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Loonie ends lower as China reports manufacturing slowdown

A Loonie and ten dollar bill are seen in this file photo.

Fred Lum/Fred Lum/The Globe and Mail

The Canadian dollar closed lower Thursday, adding to a steep loss in the previous session as traders assessed mixed manufacturing data.

The loonie fell 0.14 of a cent to end at 90.1 cents (U.S.) as the greenback strengthened against other currencies after a private survey by Markit showed that manufacturing in the U.S. expanded at the fastest pace in almost four years in February. Its U.S. manufacturing index rose to 56.7 from 53.7 in January.

Also, the Conference Board's leading indicator, a measure of future growth, posted a moderate gain in January, suggesting the U.S. economy will continue to expand in the first half of this year.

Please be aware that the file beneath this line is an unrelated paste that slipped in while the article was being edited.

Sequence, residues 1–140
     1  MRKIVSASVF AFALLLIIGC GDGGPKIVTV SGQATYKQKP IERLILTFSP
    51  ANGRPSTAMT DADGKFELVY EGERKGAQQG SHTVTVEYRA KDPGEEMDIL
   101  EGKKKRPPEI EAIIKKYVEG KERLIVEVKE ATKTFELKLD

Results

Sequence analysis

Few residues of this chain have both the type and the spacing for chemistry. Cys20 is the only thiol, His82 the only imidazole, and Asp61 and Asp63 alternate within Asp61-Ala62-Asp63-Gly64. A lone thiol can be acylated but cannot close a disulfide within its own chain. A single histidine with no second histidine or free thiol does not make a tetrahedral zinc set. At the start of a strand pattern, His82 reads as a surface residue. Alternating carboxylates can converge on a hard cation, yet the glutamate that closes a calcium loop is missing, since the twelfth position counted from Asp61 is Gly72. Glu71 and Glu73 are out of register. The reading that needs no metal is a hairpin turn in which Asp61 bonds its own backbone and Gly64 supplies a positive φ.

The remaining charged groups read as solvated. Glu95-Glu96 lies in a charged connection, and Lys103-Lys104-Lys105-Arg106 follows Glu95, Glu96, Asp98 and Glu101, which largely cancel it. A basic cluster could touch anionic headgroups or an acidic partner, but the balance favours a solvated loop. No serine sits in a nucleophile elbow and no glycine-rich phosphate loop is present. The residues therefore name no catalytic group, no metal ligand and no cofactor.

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That helped balance some negative Chinese data. HSBC's preliminary version of its monthly China purchasing managers' index fell to a seven-month low of 48.3 from January's 49.5 on a 100-point scale. Numbers below 50 show activity contracting.

China's economic activity has slowed steadily as the government tries to cool an investment boom and encourage more sustainable growth based on domestic consumption.

Commodity prices declined as the March crude contract on the New York Mercantile Exchange lost 39 cents to $102.92 a barrel.

March copper was a cent lower at $3.28 a pound while April gold fell $3.50 to $1,316.90 an ounce.

The dollar had fallen 1.08 cents on Wednesday after wholesale sales declined 1.4 per cent in December to the lowest level in six months.

Other manufacturing and housing data had underscored how large amounts of snow and freezing temperatures are having an impact on U.S. economic performance.

Traders looked ahead to Friday and the latest Canadian readings on the consumer price index for January and retail sales for December.

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